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Constitutional Confusion
Joe Biden doesn't understand the unitary executive theory.
By Erin Sheley
Weekly Standard
10/10/2008 12:00:00 AM

In last week's vice presidential debate, Joe Biden criticized Dick Cheney's notion that the office of the vice president does not exist wholly within the executive branch of the government, blaming Cheney for "aggrandiz[ing] the power of a unitary executive." This is not the first time Biden has thrown around the concept of the "unitary executive" as a fancy-sounding stand-in for a whole parade of terribles: including, apparently, claims that the Bush administration has usurped power from Congress, inappropriately wielded executive discretion, and generally expanded executive authority so as to bring all of Middle-earth under the heel of Mordor.

At a press event last fall, for example, in response to the question of whether a future president would want to "give up the unitary power that Bush has accumulated," Biden launched into a rant about the commutation of Scooter Libby's sentence. Especially given Biden's propensity to describe himself as a constitutional law professor (he has taught as an adjunct at Widener Law School), it is important to point out that he is completely confused as to what the common constitutional interpretive theory of the unitary executive actually means.

Unitary executive theory holds, simply, that it is unconstitutional for Congress to create independent agencies that exercise executive power governed by officers the president cannot remove. This notion has precisely nothing to do with the extent of presidential power (to do things like detain enemy combatants, for example) but, rather, the distribution of this power. According to unitary executive theory, the constitutional principle of separation of powers mandates that executive authority, whatever its scope, belongs solely to the president, in the executive branch.

The famous 1988 case Morrison v. Olson demonstrates this problem, in the context of a Judiciary Committee investigation of the Reagan administration's enforcement of the Superfund Act. The Committee requested that the attorney general appoint an independent counsel to explore allegations that Reagan officials had given false testimony during the Committee investigation. The administration challenged the constitutionality of the Independent Counsel Act on the grounds that an independent counsel who could not be removed by the president created a kind of "fourth branch" of government, wielding executive prosecutory authority and yet answerable to no one. The Supreme Court ultimately upheld the Act, over a dissent by Justice Scalia, on the grounds that an independent counsel, even if not answerable to the president, is nonetheless an executive official, uncontrolled by either of the other two branches of government. Under the theory of the unitary executive, such a fragmented executive branch would be unconstitutional.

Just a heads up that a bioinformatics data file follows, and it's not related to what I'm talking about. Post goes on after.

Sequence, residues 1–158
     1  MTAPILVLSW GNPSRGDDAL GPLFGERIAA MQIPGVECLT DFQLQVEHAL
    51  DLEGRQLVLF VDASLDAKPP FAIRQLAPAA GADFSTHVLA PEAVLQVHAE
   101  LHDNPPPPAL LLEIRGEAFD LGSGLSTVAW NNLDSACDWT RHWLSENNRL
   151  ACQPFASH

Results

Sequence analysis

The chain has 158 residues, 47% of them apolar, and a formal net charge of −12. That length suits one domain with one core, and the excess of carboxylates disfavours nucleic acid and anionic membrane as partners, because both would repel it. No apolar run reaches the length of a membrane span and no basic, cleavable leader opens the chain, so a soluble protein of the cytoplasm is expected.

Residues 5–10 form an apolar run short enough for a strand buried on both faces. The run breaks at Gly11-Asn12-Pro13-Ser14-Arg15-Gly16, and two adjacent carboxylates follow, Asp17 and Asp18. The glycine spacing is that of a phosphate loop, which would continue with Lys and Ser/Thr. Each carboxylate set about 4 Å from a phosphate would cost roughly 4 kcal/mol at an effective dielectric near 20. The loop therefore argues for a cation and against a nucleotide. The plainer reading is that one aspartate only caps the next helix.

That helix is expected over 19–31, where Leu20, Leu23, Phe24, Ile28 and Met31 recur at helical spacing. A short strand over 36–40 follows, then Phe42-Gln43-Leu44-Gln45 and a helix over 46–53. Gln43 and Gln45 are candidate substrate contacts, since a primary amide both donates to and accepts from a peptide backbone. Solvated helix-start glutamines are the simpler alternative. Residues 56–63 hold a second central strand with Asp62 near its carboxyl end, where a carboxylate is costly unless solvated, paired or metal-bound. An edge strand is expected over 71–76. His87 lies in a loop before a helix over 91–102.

Biden's misuse of the term in the debate was particularly humorous because he meant to criticize Cheney for inappropriately claiming legislative powers under Article I which--if one believes that the vice president, as an executive officer under Article II, should be solely answerable to the president--would in some senses violate the theory of the unitary executive. (As it is, however, Cheney's assertion rests upon the power vested in the Vice President by Article I, not Article II, to serve as President of the Senate). Likewise, Bush's use of the presidential pardon power with respect to Scooter Libby had nothing to do with a belief in the unitary executive, but was, rather, a straightforward exercise of discretion specifically vested in the president himself. Whether this discretion was improperly exercised is a political, not a constitutional, question.

University of Chicago law professor Cass Sunstein (by no means a supporter of the current administration, or of conservative constitutional theory) gives a more detailed explanation of the unitary executive here. On the very important point that unitary executive theory says nothing at all about the scope of presidential powers, but rather their distribution, see George Mason University law professor Ilya Somin here. Senator Biden would benefit from reading both.

Erin Sheley is a writer and attorney in Washington, DC.

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